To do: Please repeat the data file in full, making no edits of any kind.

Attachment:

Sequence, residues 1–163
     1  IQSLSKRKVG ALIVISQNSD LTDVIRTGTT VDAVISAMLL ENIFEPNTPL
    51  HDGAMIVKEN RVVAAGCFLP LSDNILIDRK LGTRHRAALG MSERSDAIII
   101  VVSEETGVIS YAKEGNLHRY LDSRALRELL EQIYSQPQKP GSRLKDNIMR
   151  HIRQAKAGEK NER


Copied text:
Sequence, residues 1–163
     1  IQSLSKRKVG ALIVISQNSD LTDVIRTGTT VDAVISAMLL ENIFEPNTPL
    51  HDGAMIVKEN RVVAAGCFLP LSDNILIDRK LGTRHRAALG MSERSDAIII
   101  VVSEETGVIS YAKEGNLHRY LDSRALRELL EQIYSQPQKP GSRLKDNIMR
   151  HIRQAKAGEK NER